Disraeli along with Salisbury, the longest serving Tory Premier, and Margaret Thatcher constitutes the author’s triumvirate of greats, a contention with which I have no argument. Winston Churchill, I also agree, is a case sui generis, a political maverick, whose reputation was surely only saved by Hitler! Party meant little to him, even less in the context of his wartime Cabinet, and on so many issues he was just as ‘unsound’ as Lord Randolph, his brilliant but mercurial father, too full of greatness, or a perception of greatness, for his own good.
I also agree with his lows, particularly his assessment of Harold Macmillan, the grossly overrated ‘Supermac’, whose irresponsible economic and social policies were to create a poisonous legacy for the party and the country. Disraeli famously said of Peel that he caught the Whigs bathing and walked away with their clothes. The same might be said of Macmillan, only in his case the clothes were those of the Labour Party. Harris writes of him;
By some definitions, and by analogy with Disraeli, he could just about count as a Tory. But, by no known definition was he philosophically speaking a conservative. This, through his legacy to the Conservative Party, was a problem – nor necessarily one that is extinct.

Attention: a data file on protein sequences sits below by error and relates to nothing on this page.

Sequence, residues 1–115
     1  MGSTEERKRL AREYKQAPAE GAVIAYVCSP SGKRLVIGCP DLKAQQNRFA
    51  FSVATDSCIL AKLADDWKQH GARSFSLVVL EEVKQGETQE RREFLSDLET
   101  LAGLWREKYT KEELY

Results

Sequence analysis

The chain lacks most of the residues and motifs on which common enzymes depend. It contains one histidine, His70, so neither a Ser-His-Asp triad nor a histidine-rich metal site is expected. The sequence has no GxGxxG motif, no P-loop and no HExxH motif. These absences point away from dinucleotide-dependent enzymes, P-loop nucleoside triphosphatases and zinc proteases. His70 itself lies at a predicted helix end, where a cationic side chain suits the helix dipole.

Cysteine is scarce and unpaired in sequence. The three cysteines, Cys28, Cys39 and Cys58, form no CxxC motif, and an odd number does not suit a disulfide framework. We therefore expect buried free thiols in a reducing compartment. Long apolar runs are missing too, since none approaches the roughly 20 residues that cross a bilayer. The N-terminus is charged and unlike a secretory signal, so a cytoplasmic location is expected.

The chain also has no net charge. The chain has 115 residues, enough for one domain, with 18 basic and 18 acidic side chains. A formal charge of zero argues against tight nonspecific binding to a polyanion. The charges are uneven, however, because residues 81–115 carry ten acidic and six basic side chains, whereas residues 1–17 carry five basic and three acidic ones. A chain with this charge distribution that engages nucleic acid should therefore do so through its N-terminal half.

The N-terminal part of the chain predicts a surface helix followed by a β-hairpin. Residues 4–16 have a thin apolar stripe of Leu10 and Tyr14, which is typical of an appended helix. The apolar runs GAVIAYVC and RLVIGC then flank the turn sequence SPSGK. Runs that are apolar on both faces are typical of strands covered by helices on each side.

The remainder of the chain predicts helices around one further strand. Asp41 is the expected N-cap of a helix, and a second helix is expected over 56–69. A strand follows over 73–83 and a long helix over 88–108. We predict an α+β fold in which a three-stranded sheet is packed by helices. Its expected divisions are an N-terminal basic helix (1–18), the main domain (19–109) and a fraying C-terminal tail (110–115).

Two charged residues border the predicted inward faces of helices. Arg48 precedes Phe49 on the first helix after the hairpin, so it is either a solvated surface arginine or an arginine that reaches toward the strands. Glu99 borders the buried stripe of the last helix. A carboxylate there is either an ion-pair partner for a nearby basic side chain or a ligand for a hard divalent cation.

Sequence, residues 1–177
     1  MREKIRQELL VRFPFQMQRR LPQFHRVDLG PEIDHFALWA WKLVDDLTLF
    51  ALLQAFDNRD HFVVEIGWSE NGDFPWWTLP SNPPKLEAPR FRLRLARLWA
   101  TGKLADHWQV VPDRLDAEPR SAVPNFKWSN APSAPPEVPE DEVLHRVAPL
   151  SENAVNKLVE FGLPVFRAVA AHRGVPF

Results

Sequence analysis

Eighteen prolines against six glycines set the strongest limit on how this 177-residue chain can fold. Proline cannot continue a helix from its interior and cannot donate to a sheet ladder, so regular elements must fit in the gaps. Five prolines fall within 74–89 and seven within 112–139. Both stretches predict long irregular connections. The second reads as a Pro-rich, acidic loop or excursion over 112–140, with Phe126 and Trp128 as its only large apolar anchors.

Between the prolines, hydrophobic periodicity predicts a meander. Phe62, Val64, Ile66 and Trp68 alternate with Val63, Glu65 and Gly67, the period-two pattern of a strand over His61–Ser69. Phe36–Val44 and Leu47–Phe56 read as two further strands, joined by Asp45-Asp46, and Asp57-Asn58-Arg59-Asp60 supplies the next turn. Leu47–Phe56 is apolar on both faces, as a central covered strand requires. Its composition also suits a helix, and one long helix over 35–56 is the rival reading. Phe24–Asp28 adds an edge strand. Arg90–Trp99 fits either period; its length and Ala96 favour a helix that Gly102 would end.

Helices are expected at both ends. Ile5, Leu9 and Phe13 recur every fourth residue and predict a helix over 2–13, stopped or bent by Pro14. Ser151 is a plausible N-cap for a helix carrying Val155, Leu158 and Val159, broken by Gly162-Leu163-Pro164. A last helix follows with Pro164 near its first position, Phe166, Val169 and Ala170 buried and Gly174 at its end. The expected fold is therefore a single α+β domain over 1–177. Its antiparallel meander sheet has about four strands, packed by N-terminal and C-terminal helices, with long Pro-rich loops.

I love the author’s style, his liberal peppering of waspish and mordant wit. Some barbs made me giggle, particularly that delivered at Arthur Balfour, who succeeded Salisbury, his uncle, as party leader and Prime Minister. Balfour said that the Carlton Club, one of the well-springs of modern Conservatism, was a ‘beastly’ place, infested with political bores. Harris writes “When Balfour, or any other Conservative leader, lost the bores, he lost the party.” Similarly his verdict on Stanley Baldwin, the inter-war face of what I think of as Ostrich Conservatism, is absolutely spot on;
Baldwin won huge majorities. He just did not know what to do with them. At a deeper level, undoubtedly he reflected the mood of the times. This, in fact, was the problem. He reflected it too well. In Baldwin the country got what it wanted and, arguably, to stray into more disputed territory, it got what it deserved. But it did not get what it needed.